The proposed right to data portability is a significant step towards creating a human rights based approach to privacy in Canada. While it is not as comprehensive as the GDPR, it will give individuals greater autonomy in their ability to control their own personal data.

LifeLabs breach highlights data protection crisis in Canada

Vancouver, December 18, 2019 –  Yesterday, LifeLabs announced a data breach that affects 15 million Canadians. The breach, which primarily impacts clients in BC and Ontario, includes highly sensitive personal information, like medical diagnostic test results and genetic information.

The information was breached on October 28, 2019. LifeLabs has paid an unreported sum to cybercriminals for the return of the data, but it is unknown if copies of the data were made by the cybercriminals. LifeLabs is offering one year of cyber protection monitoring and security insurance to its customers.

This latest breach means that, in a period of just one year, every Canadian has likely been the victim of a data breach or knows someone who has.

According to figures released by the Office of the Privacy Commissioner of Canada, 28 million Canadians have been the subject of a data breach since November 1, 2018. With an additional 15 million Canadians impacted by the LifeLabs breach, that means there were more than 43 million incidents between November 2018 and November 2019.

This situation represents a crisis for privacy and data protection in Canada.

“Canadian privacy laws, both federal and provincial, are simply inadequate,” says Joyce Yan, FIPA’s Interim Executive Director. “They do not and will not protect Canadians from the potential harms that come from our increasingly digital world. Urgent law reform is needed. Every privacy commissioner in Canada needs to have investigatory, order-making, and fining power. Data breaches must be reported to them immediately.”

While breach notification became mandatory at the federal scale last year, it is still not a requirement provincially. As well, it is not required that companies notify individuals when their data has been breached. Public bodies are not required to report breaches at all.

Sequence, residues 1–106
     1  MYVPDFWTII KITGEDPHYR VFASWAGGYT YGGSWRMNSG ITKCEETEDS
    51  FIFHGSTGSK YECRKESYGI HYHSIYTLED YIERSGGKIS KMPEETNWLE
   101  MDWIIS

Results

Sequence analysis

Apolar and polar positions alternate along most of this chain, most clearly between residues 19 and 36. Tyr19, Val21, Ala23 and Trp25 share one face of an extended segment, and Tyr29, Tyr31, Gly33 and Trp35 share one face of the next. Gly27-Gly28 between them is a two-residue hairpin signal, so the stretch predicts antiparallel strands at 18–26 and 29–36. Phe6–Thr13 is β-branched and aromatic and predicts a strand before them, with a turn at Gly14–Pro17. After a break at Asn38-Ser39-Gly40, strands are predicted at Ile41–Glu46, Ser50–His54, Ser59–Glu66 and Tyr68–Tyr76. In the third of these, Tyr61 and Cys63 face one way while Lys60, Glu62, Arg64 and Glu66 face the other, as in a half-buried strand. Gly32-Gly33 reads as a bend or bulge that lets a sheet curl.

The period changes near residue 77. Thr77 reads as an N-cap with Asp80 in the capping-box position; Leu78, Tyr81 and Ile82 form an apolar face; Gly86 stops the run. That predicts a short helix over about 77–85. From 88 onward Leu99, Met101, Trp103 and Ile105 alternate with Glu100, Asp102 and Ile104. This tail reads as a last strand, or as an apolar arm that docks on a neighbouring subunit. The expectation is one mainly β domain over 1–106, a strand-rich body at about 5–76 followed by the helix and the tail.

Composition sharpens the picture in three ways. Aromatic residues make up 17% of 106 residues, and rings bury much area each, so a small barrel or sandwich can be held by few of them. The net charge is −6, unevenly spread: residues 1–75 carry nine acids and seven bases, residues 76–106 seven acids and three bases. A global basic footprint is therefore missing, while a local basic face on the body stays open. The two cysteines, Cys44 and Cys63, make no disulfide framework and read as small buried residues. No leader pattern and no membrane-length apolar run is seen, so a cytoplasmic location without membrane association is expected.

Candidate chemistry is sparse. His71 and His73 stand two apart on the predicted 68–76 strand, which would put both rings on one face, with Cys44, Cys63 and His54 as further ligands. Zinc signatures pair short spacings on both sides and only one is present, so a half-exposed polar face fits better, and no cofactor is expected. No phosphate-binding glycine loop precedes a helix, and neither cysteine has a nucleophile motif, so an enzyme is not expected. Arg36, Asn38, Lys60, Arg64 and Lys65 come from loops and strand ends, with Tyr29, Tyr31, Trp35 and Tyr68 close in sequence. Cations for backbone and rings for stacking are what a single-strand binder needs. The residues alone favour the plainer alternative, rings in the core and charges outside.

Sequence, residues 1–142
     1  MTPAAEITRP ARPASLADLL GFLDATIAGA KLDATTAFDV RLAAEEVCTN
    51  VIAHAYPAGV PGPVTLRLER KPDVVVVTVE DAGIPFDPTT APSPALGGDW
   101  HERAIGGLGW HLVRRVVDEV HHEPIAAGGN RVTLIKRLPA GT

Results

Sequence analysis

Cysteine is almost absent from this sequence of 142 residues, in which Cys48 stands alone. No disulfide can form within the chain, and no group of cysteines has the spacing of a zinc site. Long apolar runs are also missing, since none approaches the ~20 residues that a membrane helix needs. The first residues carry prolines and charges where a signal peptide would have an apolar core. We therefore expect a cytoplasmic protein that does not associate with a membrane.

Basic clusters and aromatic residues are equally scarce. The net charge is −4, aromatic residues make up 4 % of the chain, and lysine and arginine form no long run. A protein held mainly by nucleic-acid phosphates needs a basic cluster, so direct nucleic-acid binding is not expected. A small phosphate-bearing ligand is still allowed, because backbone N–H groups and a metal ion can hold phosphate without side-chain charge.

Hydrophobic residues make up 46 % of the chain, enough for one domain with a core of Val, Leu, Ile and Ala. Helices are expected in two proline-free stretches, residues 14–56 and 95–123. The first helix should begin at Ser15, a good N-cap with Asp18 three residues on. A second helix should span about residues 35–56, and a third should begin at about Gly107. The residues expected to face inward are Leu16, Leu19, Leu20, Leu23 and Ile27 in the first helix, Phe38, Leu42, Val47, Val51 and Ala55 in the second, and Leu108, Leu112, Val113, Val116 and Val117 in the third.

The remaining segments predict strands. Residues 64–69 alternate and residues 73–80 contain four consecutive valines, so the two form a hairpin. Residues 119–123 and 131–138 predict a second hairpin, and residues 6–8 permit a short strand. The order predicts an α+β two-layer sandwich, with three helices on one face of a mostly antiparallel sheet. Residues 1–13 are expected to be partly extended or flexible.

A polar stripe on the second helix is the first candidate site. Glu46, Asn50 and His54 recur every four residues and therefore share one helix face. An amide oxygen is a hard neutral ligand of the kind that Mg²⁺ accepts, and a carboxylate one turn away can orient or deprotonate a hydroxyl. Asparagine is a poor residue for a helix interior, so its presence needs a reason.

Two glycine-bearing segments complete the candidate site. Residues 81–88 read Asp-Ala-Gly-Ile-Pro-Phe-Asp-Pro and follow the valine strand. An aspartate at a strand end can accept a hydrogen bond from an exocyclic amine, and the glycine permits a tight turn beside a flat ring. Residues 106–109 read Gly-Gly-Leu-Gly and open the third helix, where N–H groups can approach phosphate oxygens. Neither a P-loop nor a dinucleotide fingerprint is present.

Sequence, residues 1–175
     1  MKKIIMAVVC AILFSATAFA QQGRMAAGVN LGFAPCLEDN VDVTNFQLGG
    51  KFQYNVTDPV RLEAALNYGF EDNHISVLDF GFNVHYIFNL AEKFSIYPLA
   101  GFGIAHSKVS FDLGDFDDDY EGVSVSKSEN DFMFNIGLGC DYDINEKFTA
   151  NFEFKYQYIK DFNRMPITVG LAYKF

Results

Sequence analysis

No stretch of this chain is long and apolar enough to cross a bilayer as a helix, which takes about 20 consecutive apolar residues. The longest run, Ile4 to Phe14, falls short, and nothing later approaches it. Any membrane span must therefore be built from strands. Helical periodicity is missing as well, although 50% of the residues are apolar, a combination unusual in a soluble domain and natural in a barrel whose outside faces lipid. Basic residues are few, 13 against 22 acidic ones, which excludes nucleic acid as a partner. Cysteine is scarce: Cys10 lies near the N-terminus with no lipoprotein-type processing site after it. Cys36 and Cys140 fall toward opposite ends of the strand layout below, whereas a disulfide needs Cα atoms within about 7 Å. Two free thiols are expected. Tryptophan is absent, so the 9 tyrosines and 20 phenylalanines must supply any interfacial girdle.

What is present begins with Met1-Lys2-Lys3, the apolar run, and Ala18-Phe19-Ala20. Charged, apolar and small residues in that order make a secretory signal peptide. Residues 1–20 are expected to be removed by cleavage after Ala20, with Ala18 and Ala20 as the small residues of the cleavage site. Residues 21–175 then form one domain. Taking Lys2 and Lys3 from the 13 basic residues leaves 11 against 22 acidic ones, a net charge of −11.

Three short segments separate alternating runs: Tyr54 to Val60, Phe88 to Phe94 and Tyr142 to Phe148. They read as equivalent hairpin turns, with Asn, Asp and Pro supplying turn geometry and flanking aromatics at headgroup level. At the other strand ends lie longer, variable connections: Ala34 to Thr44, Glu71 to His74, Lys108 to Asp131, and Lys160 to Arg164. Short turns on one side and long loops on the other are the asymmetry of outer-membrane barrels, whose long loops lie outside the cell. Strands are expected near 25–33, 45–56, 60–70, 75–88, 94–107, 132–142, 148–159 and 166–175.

“Private companies must face repercussions for negligent data handling practices,” says Yan. “These should include financial penalties for the company, financial penalties for individuals at the company, possible charges of criminal negligence, and financial compensation for those impacted.”

During an interview, LifeLabs CEO Charles Brown stated that he did not know if the data that was breached was even encrypted.

“This is an unacceptable and irresponsible position for leadership to hold. The head of a company that is entrusted with processing data that relates to the intimate aspects of our lives—our health, wellness, and biology—must be informed about the security measures taken to protect that information,” says Yan.

The Information and Privacy Commissioners for Ontario and BC are investigating the breach and will release a report at that investigation’s conclusion.

Contact:

Joyce Yan, Interim Executive Director

BC Freedom of Information and Privacy Association

Email: fipa (at) fipa.bc.ca

Phone:  604-739-9788

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Increase the powers of the Privacy Commissioner of Canada

This is the first in our series on the privacy promises we can expect from a Liberal minority government.

(From Innovation, Science and Economic Development Canada’s ‘Strengthening Privacy for the Digital Age: Proposals to modernize the Personal Information and Protection of Electronic Documents Act.) 

1. Meaningful Consent